Lou Reed: A glorious contradiction

Writer and musician Tom Maxwell recounts Reed's influence on punk rock and his commitment to a cultivated roughness

Reed performs at Ahoy in Rotterdam, the Netherlands, May 1, 1996.
Gijsbert Hanekroot/Getty Images

Forty years ago, the cantankerous and much beloved rock critic Lester Bangs was engaged in yet another battle with his cantankerous and much beloved musical hero at a Holiday Inn. The overweight rock star being interviewed fixed Bangs "with that rusty bug eye" while steadily consuming Johnny Walker doubles. "In spite of all this, however," noted Bangs, "he managed to live up to his reputation for making interviewers uncomfortable."

"I would like to live to a ripe old age and raise watermelons in Wyoming," the interviewee, Lou Reed, told him, before pointing out that he was outdrinking Bangs 2 to 1.

Reed was enjoying success with 1972's Transformer, produced by confirmed fans David Bowie and Mick Ronson. One of that album's tracks, "Walk on the Wild Side," with its beguiling shuffle and a jazz saxophone solo, became Reed's signature tune. This wasn't enough for Bangs, who called him "leagues from the peak of his career" and "a deteriorating silhouette of a star." The only obvious truth is that Reed lived to have the last laugh. Bangs died in 1982. Reed died Sunday.

As a public figure, Reed was notoriously combative, sullen and mendacious. His reputation as a terrifying interview was well earned. At different times in his life, he embraced heroin and tai chi with equal intensity. He was an artist of marvelous contradictions and the architect of much of what we know as modern pop and rock. Always more vocalist than singer, his voice was conversational, pointed and streetwise, except when it turned plaintive and soft. His guitar work was characterized by a propulsive, itchy rhythm or leads that were often squalls of feedback, if one doesn't count the vulnerable, intelligent acoustic pieces. He was responsible — and thank God for it — for the unlistenable noise of "Metal Machine Music" as well as the lovely, minimalist "Songs for Drella," his remembrance of Andy Warhol created with former bandmate John Cale.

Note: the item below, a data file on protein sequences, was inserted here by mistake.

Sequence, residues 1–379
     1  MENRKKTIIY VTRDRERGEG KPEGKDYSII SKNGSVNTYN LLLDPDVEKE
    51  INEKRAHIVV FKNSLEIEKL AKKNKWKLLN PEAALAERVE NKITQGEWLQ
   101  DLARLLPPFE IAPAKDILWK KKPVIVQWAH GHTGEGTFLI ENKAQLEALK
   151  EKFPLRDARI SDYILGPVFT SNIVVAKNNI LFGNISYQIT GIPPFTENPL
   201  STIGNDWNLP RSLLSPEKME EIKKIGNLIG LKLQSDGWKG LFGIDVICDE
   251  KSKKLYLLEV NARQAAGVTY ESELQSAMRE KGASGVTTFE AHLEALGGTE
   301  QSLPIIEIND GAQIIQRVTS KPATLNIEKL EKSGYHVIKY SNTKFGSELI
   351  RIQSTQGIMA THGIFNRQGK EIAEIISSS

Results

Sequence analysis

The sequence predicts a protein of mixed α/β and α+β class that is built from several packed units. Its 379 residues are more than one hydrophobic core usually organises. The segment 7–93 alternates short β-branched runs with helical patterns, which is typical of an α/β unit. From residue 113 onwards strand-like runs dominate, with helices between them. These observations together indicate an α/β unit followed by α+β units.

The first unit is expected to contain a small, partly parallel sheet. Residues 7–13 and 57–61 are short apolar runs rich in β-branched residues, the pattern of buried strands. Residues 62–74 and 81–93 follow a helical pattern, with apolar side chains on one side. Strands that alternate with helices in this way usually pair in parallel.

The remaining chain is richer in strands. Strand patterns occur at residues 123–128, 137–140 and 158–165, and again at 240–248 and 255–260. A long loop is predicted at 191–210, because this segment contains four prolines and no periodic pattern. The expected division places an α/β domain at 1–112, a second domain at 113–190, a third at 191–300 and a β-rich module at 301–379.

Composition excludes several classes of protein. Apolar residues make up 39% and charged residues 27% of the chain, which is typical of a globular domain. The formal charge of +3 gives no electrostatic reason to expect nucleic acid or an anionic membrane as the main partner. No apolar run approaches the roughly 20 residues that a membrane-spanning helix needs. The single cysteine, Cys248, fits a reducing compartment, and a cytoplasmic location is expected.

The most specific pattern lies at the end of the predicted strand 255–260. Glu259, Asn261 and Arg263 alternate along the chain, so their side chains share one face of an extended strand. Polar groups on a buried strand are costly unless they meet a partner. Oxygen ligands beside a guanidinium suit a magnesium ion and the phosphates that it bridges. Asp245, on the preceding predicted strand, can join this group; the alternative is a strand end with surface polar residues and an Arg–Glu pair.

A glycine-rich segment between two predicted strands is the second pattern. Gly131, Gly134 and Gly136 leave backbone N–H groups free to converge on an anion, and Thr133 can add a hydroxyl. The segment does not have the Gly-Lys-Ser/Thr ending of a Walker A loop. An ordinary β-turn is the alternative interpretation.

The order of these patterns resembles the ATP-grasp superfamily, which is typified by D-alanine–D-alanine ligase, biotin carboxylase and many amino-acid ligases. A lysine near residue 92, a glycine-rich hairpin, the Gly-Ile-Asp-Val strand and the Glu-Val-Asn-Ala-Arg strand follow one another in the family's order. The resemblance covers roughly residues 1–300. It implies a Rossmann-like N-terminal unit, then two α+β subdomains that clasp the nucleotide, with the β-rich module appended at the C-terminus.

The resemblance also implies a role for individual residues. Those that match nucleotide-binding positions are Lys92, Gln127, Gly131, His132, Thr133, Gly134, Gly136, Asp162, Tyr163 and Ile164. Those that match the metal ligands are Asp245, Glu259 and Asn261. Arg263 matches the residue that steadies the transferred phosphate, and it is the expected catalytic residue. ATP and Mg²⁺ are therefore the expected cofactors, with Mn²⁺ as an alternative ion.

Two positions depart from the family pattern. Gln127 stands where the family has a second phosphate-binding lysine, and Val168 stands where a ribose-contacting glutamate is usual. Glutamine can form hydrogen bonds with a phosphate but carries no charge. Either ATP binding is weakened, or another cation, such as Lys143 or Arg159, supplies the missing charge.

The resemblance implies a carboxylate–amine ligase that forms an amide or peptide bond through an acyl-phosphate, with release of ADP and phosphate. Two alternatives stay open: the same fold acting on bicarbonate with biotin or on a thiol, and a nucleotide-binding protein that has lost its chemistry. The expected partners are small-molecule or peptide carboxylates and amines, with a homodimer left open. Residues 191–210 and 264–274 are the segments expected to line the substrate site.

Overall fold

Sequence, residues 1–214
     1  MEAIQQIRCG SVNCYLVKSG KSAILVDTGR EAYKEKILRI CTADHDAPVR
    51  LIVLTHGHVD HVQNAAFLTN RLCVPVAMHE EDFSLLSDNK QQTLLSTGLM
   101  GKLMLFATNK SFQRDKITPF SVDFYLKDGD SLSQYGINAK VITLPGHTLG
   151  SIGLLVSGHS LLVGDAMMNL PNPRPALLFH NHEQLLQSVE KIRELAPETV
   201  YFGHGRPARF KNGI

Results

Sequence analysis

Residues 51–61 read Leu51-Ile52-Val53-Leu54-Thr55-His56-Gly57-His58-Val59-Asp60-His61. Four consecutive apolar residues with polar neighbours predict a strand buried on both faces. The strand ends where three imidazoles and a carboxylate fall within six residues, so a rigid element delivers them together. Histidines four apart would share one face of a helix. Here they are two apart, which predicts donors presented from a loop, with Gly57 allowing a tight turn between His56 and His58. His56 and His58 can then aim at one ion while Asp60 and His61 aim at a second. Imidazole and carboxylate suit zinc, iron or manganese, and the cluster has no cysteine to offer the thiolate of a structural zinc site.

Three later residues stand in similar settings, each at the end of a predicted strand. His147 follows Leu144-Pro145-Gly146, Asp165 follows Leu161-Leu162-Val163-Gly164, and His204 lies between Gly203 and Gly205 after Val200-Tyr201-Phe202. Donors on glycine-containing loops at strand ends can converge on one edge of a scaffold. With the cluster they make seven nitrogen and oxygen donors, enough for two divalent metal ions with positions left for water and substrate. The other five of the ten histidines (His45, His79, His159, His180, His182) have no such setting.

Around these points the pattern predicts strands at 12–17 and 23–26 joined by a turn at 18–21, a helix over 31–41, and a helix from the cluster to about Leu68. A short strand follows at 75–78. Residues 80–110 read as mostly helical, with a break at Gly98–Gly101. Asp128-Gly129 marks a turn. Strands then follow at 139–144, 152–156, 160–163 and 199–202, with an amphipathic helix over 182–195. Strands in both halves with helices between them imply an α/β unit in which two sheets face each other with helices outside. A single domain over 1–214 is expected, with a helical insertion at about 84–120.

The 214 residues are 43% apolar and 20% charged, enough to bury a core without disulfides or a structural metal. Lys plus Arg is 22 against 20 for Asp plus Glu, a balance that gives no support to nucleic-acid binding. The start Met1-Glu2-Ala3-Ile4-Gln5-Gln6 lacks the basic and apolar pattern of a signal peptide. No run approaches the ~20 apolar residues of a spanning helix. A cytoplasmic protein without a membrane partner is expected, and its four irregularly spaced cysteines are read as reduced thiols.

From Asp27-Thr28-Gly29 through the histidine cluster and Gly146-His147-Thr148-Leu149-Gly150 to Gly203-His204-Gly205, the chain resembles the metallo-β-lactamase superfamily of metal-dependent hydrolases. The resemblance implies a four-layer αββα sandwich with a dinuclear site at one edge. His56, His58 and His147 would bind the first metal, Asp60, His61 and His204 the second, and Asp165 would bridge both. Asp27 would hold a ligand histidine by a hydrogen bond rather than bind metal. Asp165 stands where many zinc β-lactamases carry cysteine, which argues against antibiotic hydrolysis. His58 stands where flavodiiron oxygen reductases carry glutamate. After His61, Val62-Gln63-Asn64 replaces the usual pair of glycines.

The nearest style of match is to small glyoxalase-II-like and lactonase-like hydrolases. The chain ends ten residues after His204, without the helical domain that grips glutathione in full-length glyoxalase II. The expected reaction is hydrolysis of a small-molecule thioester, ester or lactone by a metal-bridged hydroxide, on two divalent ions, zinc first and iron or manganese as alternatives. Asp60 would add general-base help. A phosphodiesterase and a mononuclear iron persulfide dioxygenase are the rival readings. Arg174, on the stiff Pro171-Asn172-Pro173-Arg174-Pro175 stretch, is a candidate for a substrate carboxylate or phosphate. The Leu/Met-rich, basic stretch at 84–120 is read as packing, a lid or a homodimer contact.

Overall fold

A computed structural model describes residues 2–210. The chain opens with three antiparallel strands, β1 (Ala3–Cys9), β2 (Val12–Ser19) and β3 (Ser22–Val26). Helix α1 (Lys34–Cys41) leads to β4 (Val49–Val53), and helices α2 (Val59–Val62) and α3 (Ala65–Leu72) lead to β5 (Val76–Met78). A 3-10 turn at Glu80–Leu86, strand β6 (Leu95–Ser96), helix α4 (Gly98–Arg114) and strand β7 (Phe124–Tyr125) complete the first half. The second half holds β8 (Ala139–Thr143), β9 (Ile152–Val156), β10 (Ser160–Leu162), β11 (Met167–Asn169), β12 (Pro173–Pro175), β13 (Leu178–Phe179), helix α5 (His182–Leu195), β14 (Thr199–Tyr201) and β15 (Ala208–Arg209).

The pairing of those two — Cale and Reed — was as improbable as it was transcendent. Reed, a staff writer for Pickwick Records and a self-described "poor man's Carole King," had just penned a minor dance single ("The Ostrich") in 1964, and Cale, normally an avant-garde viola player, was recruited for the ad hoc group formed to promote the song. Both men, it turned out, were fond of drones and alternate tunings. The Velvet Underground formed less than a year later, released four albums, disintegrated and changed the world.

A famous quote about the group, attributed to Brian Eno, goes something like this: "The Velvet Underground's first album only sold a few thousand copies, but everyone who bought one formed a band." It's a pleasing, if inaccurate, kind of mythology. "The Velvet Underground & Nico" sold decently well, as did the rest of the band's output, at odds as it was with the mainstream. Indeed, the Velvet Underground could not be pinned down: Its mostly acoustic and often gorgeous self-titled third album followed "White Light/White Heat," a harrowing, distortion-soaked lo-fi head wrecker. If one listens to VU's box set, Peel Slowly and See, in order in its entirety, the scope and depth of the band's output becomes even more unfathomable. It is consonant and dissonant, ambitious and obtuse, tender and aggressive. It contains more than can be described in a pithy epitaph, as did our dear departed Lou.

It's not overstatement to say that the man, given his excesses, lived longer than could have reasonably been expected. Either way, he was going to go at some point. And when he did, or rather, now that he has, the inevitable canonization will happen. People will rightly point out Reed's artistic triumphs — there are so many, after all. He will be credited, rightly, with influencing glam and punk and noise and pop. He'll be cited as an influence of other influences. People will start to forget what a piece of s--- "I Wanna Be Black" is or pretend to understand his inexplicable 2011 collaboration with Metallica. (Not that he ever needed anybody's permission anyway, let's be clear. He did damn well what he pleased.) Reed is now a fixed point on a timeline. He will recede. His cultivated roughness will be ironed out, his prickly nature sandpapered to smooth. He fought such easy idolatry all his life, but it's inevitable now. Hell, even I'm doing it.

At least we have his recorded work, glorious and messy. It's so much better to listen.

Reed, right, with Velvet Underground manager Andy Warhol in 1978.
Ebet Roberts/Getty Images

RELATED: Rock legend Lou Reed, as remembered by downtown Manhattan

At the West Fourth Street subway station in New York City's West Village, past the turnstiles, a scruffy man played the saxophone solo from "Walk on the Wild Side," Reed's iconic song, a little slower, subdued and sweet.

Read more here

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